More Media on Federal Judge Halting Camera Monitoring of Attorney/Client Conversations

Cameras in the new Staten Island Courthouse were turned off Wednesday morning after Federal Judge George Daniels ruled that the cameras monitoring attorney/client communications in the pre-arraignment rooms must stop.

“This really shocked the conscience,” Tina Luongo, the Attorney-in-Charge of the Criminal Practice, told the Daily News.   “We are happy — but not shocked — the judge said, ‘Turn them off until we can figure this out.’ We hope the city will now reflect on what we think was a bad decision.”

The Legal Aid Society's lawyers argued that the cameras were in violation of the Sixth Amendment and that gestures made by the accused during the interviews could impact the criminal case if viewed by prosecutors.  "The constitutional right to a private conversation with your attorney should never be interfered with," Luongo said.




Daily News
Judge turns off cameras in Staten Island courthouse meeting rooms
BY Stephen Rex Brown 
October 22, 2015

A judge has blocked the city’s monitoring of attorneys and defendants when they first meet inside a brand-new Staten Island courthouse.

Manhattan Federal Judge George Daniels ruled Tuesday that the four cameras installed in pre-arraignment meeting rooms violated the terms of a 1999 settlement between the Legal Aid Society and the city.

His ruling bans the use of the cameras under the city’s current policy, stating that the footage – which didn’t include sound – would be held for 90 days by the city Department of Correction.

The videos could be subpoenaed by prosecutors.

Tina Luongo, the Legal Aid attorney in charge of criminal practice, said the cameras were turned off Wednesday morning.

“This really shocked the conscience,” she said. “We are happy — but not shocked — the judge said, ‘Turn them off until we can figure this out.’ We hope the city will now reflect on what we think was a bad decision.”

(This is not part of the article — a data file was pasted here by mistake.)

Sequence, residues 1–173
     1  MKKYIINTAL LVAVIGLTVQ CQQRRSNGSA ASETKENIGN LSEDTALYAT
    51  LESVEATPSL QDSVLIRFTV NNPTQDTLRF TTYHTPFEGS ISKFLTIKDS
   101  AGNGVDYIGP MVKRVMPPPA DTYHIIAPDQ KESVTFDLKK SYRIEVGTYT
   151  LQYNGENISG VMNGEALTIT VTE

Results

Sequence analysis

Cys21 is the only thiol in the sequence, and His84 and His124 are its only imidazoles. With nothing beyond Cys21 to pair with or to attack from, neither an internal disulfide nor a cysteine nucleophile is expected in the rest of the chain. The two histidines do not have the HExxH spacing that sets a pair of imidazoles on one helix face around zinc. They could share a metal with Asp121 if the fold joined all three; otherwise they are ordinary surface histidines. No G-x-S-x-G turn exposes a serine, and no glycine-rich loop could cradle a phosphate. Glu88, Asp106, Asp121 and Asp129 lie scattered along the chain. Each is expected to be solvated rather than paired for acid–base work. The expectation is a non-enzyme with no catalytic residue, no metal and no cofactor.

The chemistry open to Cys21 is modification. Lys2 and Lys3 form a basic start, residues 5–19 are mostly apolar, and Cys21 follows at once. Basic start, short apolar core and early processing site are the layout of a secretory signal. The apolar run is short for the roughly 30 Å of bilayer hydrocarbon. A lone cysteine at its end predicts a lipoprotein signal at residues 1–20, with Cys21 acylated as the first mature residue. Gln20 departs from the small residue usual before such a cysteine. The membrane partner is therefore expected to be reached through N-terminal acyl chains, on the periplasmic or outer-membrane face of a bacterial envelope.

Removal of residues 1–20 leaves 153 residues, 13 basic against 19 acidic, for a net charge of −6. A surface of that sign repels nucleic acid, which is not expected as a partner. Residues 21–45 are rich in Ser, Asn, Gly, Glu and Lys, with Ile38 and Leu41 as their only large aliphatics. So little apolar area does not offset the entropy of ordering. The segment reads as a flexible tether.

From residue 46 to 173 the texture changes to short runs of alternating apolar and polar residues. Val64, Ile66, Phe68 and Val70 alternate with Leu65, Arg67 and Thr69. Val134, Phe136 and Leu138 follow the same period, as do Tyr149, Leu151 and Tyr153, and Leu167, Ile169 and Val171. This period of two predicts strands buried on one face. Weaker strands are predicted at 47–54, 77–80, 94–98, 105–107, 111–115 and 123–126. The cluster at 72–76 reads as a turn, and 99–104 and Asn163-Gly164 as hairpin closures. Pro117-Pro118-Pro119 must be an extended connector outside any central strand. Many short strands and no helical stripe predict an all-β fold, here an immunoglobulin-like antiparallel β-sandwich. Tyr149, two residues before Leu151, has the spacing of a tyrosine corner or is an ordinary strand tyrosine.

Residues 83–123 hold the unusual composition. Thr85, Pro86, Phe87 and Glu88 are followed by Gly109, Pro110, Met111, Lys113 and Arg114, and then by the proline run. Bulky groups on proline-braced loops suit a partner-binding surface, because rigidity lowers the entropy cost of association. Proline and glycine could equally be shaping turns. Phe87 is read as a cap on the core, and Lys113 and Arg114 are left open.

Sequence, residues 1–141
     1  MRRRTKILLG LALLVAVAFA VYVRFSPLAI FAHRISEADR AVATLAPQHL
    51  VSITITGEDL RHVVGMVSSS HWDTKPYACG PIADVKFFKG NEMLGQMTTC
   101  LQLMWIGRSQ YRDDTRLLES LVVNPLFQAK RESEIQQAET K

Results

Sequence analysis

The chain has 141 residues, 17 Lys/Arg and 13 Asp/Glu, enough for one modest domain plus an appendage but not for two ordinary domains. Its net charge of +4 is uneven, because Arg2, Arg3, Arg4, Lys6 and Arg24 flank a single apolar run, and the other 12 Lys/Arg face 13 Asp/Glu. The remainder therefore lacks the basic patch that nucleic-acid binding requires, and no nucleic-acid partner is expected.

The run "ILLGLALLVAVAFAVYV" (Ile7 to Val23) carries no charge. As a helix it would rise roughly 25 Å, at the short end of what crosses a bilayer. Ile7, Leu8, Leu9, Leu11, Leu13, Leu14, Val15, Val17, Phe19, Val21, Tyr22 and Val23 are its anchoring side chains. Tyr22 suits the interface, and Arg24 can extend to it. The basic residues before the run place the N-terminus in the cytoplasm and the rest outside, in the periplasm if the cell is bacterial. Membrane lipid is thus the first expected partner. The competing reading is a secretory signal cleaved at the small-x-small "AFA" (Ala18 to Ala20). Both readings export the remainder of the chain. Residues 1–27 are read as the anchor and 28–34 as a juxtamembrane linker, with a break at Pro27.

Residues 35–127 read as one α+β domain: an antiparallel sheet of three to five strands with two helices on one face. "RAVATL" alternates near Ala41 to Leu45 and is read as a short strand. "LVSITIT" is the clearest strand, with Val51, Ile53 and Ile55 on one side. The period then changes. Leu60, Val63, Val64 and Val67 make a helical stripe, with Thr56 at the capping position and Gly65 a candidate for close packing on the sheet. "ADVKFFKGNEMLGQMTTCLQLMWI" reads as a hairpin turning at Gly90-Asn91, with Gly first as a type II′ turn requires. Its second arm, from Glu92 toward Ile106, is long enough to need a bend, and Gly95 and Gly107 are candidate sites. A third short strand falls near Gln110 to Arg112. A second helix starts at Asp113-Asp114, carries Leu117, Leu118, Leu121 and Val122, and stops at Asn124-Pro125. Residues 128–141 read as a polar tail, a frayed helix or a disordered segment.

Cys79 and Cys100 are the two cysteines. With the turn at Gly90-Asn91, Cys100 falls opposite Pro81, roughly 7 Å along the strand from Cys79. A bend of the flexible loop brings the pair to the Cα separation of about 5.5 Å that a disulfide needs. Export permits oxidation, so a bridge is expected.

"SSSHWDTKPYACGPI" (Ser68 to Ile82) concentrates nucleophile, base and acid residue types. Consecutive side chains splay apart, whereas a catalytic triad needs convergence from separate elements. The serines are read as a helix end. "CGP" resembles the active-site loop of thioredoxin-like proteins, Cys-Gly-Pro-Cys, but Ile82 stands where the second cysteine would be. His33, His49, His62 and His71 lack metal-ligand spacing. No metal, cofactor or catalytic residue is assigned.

When the $230 million courthouse opened in September, Legal Aid attorneys cried foul, saying the cameras were a blatant violation of attorney-client privilege.

The cameras also flouted an earlier settlement ordering the city provide private interview booths for attorneys and clients arraigned in Staten Island, they said.

The city had argued in court papers that it installed the cameras for safety reasons. The cameras “are viewed in real time by (the Department of Correction) only for purposes of ensuring security,” the city wrote in filings.

Officials also noted there had not yet been any instances in the new courthouse of defendants having their rights to private talks with lawyers violated.

Daniels scoffed at the city’s argument that the recorded conversations between a lawyer and client in the courthouse remained private as long as the footage didn’t end up in the hands of prosecutors.

“The question is whether this visual monitoring is interfering with the private consultation!” Daniels said during oral arguments, according to the New York Law Journal, which first reported the ruling.

Luongo noted that such cameras do not exist in any other courthouse in the city. There were plans to install a similar system at a court under construction in Bronx.

“We are evaluating our next steps,” a Law Department spokesman said.

Judge Orders Courthouse Cameras Turned Off After Privacy Concerns
By Nicholas Rizzi 
October 21, 2015 

ST. GEORGE — Cameras fitted inside interview rooms of the new Staten Island Courthouse must be turned off immediately, a judge ruled Tuesday, following a lawsuit filled by the Legal Aid Society.